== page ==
I am so damn tired. So tired of watching the country descend into atrocity after atrocity. Environmental Devastation, unmarked mercenaries pulling people out of the streets of Manhattan, longboards rolling down the street without an owner. Even closer to home, I think of the man in Belchertown who showed up to a Trump rally wearing a Ku Klux Klan robe. Even closer, in the space I reside in- we’re dealing with the uncertainty of what comes for renting after the Massachusetts moratorium. My mom’s gotten literally sick from the air we breathe.
A web of little evils has weaved itself of tendrils, at the ready to entrap me into hairpin that could set off tidal waves of full-blown cataclysm. I know I’m not the only one going through these feelings- life In 2020 has truly become suffocating.
A few weeks back, I breathed in smoky air. That smoke blew thousands of miles across the country to us, from the charred remains of my favorite state in the country. I remember when I buried that part of my heart, back in the summer of 2019 when the Wildfires first became national news. My lungs are tired. It’s a shame how elusive fresh air feels, cooped up and pressed against one full weight of an empire In collapse. If I were to have a dollar for every person that was killed in this pandemic, I would be able to purchase a modest house free and clear in my hometown. More than two hundred thousand lives, and some people actually /do/ have a measure of how many dollars they get for each COVID death.
I just finished my bi-weekly ritual, the COVID test. Negative again. Thank Christ. I think of this, the respiratory pandemic, and my lungs are once again tired. These lungs, that used to play the loudest goddamn trombone in David Prouty High School’s recent memory, that scream and sing and weep on the bullhorn, that speaks softly into the mic with nuance and warmth- so much falls on these lungs, and by God are they tired.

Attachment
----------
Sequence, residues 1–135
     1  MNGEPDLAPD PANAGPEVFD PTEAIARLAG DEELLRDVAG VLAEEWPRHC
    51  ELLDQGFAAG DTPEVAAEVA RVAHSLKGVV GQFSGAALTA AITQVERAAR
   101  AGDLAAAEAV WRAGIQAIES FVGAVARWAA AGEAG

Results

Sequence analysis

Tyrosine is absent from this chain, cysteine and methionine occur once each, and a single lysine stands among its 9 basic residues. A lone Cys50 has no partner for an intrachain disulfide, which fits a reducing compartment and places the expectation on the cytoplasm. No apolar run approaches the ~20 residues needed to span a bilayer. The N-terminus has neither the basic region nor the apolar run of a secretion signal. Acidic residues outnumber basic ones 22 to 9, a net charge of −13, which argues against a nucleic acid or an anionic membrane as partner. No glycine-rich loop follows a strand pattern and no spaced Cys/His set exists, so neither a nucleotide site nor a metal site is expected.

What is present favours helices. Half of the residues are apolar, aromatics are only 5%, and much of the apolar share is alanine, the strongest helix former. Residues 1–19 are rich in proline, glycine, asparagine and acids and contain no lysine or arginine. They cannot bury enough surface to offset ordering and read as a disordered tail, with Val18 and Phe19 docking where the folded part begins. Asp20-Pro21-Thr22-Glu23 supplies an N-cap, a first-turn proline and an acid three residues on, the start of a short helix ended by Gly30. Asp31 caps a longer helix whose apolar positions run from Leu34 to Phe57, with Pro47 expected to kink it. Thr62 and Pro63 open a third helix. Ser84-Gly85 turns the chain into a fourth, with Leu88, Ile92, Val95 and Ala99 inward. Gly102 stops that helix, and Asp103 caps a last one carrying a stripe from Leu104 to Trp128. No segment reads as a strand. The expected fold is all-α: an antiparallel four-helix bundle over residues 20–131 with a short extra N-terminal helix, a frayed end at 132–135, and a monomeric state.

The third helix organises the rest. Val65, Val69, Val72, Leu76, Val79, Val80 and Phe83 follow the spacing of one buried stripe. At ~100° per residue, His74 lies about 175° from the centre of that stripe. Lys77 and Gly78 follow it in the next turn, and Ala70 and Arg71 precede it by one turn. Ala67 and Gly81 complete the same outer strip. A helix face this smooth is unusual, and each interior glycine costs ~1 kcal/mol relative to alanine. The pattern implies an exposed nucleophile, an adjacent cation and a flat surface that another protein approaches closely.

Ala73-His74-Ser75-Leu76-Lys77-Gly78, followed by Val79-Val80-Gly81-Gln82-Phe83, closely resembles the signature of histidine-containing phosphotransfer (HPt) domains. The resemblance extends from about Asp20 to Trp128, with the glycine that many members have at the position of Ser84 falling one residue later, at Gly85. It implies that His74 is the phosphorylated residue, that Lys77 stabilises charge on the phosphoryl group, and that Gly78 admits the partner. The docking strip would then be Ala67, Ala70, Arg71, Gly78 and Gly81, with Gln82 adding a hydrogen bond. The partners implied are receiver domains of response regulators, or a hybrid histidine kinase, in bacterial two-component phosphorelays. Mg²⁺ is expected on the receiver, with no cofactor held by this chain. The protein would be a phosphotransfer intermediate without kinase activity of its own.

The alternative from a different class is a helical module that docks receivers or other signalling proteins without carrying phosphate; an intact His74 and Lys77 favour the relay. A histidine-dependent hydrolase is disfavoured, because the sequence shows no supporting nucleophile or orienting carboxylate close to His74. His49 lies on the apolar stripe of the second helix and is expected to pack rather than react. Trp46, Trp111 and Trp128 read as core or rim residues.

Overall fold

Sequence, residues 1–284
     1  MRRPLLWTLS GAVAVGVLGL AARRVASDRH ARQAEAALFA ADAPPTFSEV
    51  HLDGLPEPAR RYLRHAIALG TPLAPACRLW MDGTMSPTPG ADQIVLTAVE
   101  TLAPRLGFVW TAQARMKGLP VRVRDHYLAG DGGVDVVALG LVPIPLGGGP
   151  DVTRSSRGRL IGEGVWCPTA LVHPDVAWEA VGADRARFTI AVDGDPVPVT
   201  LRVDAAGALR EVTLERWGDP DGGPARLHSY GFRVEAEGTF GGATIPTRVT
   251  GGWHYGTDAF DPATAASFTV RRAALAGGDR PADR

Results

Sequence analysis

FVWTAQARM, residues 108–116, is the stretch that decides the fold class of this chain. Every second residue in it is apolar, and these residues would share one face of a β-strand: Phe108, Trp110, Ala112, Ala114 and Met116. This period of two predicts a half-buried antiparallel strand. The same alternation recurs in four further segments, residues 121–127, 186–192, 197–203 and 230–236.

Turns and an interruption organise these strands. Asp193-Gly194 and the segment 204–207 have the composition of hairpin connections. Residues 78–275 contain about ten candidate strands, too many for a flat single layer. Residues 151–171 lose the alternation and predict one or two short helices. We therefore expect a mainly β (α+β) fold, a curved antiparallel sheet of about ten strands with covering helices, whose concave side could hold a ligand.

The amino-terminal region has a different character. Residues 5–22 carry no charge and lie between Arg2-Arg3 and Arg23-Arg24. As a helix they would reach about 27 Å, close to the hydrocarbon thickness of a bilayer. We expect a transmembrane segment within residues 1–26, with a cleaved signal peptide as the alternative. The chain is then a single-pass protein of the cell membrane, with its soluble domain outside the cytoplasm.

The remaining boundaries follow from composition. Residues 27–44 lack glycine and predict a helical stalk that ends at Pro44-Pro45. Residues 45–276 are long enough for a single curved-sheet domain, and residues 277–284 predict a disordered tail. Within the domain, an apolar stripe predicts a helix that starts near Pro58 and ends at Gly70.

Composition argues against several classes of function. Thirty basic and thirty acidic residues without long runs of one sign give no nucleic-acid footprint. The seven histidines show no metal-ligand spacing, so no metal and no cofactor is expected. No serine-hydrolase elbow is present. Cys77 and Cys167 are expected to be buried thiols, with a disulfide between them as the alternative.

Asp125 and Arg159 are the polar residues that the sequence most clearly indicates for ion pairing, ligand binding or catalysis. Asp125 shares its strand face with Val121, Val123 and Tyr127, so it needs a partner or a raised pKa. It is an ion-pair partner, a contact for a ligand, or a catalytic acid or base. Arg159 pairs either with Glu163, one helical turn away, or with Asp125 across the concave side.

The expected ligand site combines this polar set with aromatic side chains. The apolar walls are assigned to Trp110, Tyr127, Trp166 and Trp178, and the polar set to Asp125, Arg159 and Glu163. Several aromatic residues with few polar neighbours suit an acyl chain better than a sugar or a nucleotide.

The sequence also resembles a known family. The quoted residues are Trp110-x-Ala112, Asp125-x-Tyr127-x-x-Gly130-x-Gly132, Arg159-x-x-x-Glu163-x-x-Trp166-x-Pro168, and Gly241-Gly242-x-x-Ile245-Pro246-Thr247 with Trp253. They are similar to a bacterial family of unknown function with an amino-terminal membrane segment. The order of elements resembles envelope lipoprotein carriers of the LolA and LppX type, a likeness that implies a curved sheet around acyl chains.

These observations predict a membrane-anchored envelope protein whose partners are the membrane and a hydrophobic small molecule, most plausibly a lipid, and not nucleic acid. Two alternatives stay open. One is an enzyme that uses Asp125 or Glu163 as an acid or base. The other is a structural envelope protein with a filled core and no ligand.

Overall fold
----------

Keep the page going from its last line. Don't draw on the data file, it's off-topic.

So much danger, so much out there that threatens our way of living. I’ve had to make such lengths to make peace with death- I see them every day in the garden, in the compost, decomposing the lifeless. During the pandemic, and now in the coming second wave, I see death more clearly than I have before. They aren’t an ominous skeleton here to suck your soul out- it’s a sunflower growing out of a patch of decaying fruit. In all the weight that’s had to fall on this heart, this friendlier relationship with death has spared a lot of my burden. But I can’t tell you that making peace with the surrounding situation will bring you closure. We’ve still got hell to fight. We need to organize ourselves, our friends, our neighbors- and even the housepets- to create communities, educate them, inspire them, and protect them from all of the threats of this world.
We owe it to our loved ones, and the brave and brilliant souls that did this work before us, to be fierce in our efforts. We cannot truly be fierce without being peaceful, lest we fall apart by the seams in the middle of our work. We need to take care of our burnt out, we need to bear our burdens together.
Communities deserve support, from their neighbors and their friends coming together with that intent- we need teachers, we need role models, and we need ways we can get better together as an entire community. That’s why I’m fighting for what I am right now, it’s partially why four new organizations and more than a thousand people have come out of the woodwork. It takes a village to thrive together when times are good, and it takes a village to survive together when times are bad. It’s okay if the world seems to be pressing extra hard lately- it wholeheartedly sucks. Fortunately however, there are a LOT of good folks that are feeling similarly. In order for us to heal, all we need to do is show up with good intentions. There’s no limit on what that kind of congregation is capable of.